ROLL CALL RELEASE
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(U//FOUO) Terrorists are attempting to recruit new members in the United States and overseas to support their operations, obtain funding, and conduct terrorist attacks. For example, in May 2012, Maryland-based Mohammad Hassan Khalid pled guilty to attempting to use the Internet to recruit individuals who had the ability to travel to and around Europe to conduct terrorist acts, in addition to providing logistical and financial support to terrorists. In prior cases of recruitment, individuals who were willing to participate in terrorist acts became involved with known and suspected terrorists, participated in paramilitary training abroad, or tried to acquire small arms and build explosives.
(U//FOUO) The following SAR incident from the NSI shared space is an example of an individual being recruited to commit violence. The example is provided for situational awareness and training:
— (U//FOUO) An individual contacted the police to report being approached by two subjects about supplying firearms and participating in an attack on a military installation. The subjects were arrested and charged with conspiracy to murder officers and employees of the US Government after being observed conducting surveillance of targets, testing security, and acquiring weapons for the attack. One of the subjects pled guilty to the charges and is awaiting sentencing.
(U) Past Activities Observed in Individuals Recruited to Participate in Terrorism
(U//FOUO) Studies of terrorist actors have identified particular behaviors that have been observed in individuals vulnerable to recruitment or who have been recruited, and were ready to commit acts of violence. Any one of these activities may be insignificant on its own, but when observed in combination with other prior observed behaviors—particularly advocacy of violence—may constitute a basis for reporting.
— (U//FOUO) Acceptance of violence as a legitimate form of political activity, expressed willingness to commit acts of violence, or close association with individuals or groups suspected of violent extremism.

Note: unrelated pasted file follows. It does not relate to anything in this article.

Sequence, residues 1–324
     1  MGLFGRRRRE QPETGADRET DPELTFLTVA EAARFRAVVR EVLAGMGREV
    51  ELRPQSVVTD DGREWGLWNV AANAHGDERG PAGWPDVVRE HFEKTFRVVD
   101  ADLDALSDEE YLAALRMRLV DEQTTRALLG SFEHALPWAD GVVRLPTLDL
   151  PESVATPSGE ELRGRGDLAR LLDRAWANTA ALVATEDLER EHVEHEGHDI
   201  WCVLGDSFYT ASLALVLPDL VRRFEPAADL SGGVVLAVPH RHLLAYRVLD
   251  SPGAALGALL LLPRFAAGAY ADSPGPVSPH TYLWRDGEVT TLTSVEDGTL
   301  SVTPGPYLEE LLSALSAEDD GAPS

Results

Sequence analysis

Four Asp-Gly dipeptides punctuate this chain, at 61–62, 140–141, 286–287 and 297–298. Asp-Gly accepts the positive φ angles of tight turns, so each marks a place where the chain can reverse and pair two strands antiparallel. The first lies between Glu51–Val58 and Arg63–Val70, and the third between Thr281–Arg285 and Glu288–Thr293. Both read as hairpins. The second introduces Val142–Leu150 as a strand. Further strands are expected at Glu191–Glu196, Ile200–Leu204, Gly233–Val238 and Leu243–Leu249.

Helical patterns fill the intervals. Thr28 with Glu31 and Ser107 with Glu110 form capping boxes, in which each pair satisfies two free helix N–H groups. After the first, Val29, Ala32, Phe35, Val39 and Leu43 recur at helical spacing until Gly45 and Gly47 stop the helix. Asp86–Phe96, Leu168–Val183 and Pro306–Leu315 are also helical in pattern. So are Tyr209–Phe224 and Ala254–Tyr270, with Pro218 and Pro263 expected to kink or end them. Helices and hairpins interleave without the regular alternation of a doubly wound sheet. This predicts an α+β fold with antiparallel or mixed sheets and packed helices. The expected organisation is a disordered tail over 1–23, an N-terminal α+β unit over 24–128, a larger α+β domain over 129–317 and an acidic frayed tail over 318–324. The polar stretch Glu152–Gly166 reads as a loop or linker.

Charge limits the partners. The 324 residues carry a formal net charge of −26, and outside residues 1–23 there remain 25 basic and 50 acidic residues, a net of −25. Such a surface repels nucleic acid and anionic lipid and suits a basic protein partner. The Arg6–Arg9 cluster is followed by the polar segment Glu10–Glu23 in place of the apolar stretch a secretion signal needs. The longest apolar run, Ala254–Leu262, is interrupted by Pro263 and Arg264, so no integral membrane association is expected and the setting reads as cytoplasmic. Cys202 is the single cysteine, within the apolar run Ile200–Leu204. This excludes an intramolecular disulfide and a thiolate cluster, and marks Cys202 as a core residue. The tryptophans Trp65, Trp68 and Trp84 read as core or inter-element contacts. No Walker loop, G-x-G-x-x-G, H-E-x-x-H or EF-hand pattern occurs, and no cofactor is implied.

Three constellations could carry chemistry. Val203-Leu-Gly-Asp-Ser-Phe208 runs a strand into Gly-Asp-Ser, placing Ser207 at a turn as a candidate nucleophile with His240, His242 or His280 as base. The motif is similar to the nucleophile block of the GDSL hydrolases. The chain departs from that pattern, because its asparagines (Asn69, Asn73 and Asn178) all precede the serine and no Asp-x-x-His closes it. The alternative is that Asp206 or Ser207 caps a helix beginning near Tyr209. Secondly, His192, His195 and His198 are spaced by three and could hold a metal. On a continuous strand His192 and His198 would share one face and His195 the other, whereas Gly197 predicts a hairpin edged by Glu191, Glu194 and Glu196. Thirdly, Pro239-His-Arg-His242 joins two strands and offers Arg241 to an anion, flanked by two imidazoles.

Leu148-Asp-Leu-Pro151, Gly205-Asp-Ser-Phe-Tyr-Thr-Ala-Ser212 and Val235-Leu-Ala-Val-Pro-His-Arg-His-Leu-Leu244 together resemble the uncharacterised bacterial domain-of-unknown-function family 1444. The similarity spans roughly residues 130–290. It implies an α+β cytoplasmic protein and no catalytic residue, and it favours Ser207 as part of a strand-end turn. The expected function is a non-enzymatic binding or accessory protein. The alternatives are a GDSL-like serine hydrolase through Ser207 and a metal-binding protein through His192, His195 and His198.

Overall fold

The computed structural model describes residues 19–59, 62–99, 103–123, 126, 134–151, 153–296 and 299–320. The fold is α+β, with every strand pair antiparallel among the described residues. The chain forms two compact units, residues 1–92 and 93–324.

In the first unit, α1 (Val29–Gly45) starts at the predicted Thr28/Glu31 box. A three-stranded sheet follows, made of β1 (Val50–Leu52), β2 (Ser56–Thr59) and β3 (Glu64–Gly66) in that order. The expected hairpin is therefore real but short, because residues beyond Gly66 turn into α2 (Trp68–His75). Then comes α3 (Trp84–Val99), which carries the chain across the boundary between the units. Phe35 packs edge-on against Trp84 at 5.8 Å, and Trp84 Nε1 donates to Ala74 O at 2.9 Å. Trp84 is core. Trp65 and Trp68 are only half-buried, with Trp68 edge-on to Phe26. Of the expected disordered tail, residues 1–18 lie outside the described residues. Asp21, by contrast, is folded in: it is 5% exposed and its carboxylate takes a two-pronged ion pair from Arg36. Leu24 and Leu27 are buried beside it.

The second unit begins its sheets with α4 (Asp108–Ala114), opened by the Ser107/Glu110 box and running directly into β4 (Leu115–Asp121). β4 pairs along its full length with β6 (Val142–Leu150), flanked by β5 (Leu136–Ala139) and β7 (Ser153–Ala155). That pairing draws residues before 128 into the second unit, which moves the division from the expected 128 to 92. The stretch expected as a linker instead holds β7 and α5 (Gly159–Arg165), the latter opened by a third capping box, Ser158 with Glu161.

— (U//FOUO) Communication with violent extremists, either through direct contact or virtually, or active participation in violent extremist blogs, chat rooms, and password-protected websites.
— (U//FOUO) Interest in paramilitary and explosives training or reconnaissance and surveillance activities in a manner reasonably indicative of pre-operational planning.
— (U//FOUO) Possession of literature written by and for violent extremist groups on terrorist techniques, including use of explosives, poisons, firearms and heavy weapons (when combined with other prior observed behaviors).
— (U//FOUO) Involvement by individuals—who otherwise never committed a crime—in theft, fraud, and illegal activities to fund terrorist causes.
(U//FOUO) In addition, individuals or groups attempting to enlist others to participate in acts of violence or terrorism should be reported to authorities.
(U//FOUO) These identified activities have been observed in cases of mobilization to violence, but are not a concrete formula for predicting illegal activity. First Ammendment-protected activities should not be reported in a SAR or ISE-SAR absent articulable facts and circumstances that support the source agency’s suspicion that the behavior observed is not innocent, but rather reasonably indicative of criminal activity associated with terrorism, including evidence of pre-operational planning related to terrorism. Race, ethnicity, national origin, or religious affiliation should not be considered as factors that create suspicion (although these factors may be used in specific subject descriptions). DHS and FBI are not advocating interference with the rights of law-abiding individuals. There may be a legitimate reason why some of the observed behaviors are present; it is up to you to determine when that is not the case.